How does public mourning help us? POPSUGAR examines collective grief and how to hold space for someone whose grief looks different than yours. Feeling like we’re sharing an experience — joy or mourning — is a very powerful thing. We need to be seen by and see each other.
Collective grief is something most of us are familiar with, whether we acknowledge it or not. It’s the result of living through the pandemic or experiencing natural disasters, deaths of iconic figures, or any unexpected loss shared with a community. Public mourning is a natural way to seek validation, feel witnessed, and receive acknowledgement.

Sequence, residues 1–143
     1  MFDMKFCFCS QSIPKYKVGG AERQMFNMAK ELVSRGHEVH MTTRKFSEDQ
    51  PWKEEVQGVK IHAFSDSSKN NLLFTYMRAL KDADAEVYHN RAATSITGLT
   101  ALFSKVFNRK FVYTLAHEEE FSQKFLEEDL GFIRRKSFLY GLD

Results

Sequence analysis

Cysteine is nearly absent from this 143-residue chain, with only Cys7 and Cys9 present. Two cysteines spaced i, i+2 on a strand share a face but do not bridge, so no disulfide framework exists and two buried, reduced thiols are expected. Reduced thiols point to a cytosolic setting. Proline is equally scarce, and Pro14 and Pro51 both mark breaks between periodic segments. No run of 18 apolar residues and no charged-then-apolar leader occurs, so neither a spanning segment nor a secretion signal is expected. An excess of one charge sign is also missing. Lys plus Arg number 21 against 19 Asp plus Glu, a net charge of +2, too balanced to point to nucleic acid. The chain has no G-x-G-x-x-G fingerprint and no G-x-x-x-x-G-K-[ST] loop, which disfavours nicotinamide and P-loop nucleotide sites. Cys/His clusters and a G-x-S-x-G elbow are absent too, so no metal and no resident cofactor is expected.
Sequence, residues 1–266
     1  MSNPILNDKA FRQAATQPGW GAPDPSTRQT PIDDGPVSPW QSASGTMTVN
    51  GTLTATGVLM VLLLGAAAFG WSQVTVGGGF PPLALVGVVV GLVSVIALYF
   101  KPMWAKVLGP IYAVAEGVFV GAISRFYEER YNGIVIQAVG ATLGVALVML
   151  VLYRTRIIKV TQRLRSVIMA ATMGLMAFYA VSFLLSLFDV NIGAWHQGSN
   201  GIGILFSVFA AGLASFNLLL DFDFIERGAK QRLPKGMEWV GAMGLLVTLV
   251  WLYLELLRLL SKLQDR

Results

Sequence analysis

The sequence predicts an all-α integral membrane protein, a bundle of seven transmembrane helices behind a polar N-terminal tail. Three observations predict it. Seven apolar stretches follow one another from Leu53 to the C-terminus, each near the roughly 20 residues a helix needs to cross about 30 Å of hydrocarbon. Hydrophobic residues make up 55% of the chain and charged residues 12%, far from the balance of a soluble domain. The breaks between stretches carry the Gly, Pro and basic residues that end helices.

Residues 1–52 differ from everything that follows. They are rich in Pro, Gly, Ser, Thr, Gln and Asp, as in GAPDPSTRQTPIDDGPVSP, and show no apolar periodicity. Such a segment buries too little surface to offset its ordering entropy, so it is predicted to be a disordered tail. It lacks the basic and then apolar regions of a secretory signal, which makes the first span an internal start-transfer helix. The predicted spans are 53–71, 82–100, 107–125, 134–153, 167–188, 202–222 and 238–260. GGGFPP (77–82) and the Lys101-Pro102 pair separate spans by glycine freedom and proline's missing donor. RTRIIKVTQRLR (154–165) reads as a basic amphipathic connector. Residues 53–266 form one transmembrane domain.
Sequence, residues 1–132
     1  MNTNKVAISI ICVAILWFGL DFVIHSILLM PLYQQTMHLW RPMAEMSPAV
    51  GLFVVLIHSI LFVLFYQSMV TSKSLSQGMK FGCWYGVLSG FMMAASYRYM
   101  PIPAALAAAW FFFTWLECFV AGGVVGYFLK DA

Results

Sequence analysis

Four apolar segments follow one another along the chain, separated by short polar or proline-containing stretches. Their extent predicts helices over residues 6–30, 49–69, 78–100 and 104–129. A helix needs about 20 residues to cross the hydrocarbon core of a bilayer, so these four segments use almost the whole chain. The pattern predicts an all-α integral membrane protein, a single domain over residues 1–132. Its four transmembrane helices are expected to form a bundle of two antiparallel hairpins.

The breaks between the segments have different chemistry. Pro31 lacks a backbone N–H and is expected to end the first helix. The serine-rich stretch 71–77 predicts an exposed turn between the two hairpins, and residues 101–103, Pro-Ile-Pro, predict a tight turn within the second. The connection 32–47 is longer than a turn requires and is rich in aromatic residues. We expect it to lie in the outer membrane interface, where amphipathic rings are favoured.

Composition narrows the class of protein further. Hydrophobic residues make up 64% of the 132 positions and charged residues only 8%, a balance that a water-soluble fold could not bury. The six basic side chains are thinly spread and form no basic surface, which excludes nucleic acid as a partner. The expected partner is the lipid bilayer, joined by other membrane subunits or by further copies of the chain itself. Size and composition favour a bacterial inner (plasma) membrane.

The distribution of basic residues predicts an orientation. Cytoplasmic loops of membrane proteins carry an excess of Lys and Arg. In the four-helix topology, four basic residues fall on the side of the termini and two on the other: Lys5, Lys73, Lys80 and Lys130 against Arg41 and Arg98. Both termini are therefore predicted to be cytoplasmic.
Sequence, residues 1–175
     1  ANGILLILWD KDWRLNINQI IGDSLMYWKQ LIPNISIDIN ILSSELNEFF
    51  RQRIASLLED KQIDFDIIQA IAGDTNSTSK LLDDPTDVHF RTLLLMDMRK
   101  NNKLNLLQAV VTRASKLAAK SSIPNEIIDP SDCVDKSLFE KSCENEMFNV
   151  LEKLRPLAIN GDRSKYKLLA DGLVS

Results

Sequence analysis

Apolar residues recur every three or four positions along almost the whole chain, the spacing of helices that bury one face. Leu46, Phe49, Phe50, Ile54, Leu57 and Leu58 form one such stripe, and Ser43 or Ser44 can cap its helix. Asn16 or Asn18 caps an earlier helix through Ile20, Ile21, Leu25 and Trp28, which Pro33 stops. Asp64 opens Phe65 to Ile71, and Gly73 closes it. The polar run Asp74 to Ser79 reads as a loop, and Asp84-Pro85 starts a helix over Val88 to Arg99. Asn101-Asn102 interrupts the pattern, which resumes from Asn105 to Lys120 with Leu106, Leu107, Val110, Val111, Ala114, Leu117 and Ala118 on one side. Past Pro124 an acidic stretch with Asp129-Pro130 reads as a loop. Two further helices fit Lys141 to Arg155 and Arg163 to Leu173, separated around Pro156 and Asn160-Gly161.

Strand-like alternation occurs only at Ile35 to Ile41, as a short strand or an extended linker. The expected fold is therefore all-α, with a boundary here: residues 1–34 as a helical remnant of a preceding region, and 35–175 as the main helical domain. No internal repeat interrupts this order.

Take Queen Elizabeth II’s death, for example. The New York Times reported that: “When the news of Queen Elizabeth II’s death broke, after a hush, people gathered outside Buckingham Palace broke into ‘God Save the Queen.'” Online, there was an outpour of commemorative posts on social media.
Of course, not everyone is processing the queen’s death in the same way. “There’s a lot of rage for colonized people, and it’s justified and valid,” says Megan Devine, psychotherapist, grief advocate, and author of “It’s OK That You’re Not OK.” “You can’t have a celebration of the queen without also letting her be her whole self, which was an agent of destruction. We get so uncomfortable telling the whole truth about a person, especially after death.”
Collective grief holds overlapping experiences, and mourning as a community is beneficial even when your relationship to the deceased is complicated. POPSUGAR spoke with grief experts about better understanding collective grief, whether or not it can help with the healing process, and how to hold space for others.